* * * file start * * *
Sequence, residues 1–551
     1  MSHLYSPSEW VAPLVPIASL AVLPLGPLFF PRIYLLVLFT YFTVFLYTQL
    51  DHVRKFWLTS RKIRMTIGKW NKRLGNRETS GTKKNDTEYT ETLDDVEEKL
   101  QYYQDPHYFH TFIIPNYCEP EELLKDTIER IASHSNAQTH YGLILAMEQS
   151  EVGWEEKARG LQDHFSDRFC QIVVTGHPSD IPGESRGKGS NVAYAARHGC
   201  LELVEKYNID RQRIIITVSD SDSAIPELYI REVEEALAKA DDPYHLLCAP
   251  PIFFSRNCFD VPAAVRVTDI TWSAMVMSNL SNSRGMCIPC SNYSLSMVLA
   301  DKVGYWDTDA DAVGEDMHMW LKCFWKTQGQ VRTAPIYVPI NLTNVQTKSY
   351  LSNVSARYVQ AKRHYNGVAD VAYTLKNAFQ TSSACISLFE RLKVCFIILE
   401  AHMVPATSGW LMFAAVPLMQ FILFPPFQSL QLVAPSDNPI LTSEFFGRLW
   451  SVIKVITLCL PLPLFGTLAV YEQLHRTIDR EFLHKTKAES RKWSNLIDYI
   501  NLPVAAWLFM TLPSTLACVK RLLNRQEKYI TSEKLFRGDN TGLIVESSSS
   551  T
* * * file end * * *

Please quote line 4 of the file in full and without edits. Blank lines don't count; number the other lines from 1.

   101  QYYQDPHYFH TFIIPNYCEP EELLKDTIER IASHSNAQTH YGLILAMEQS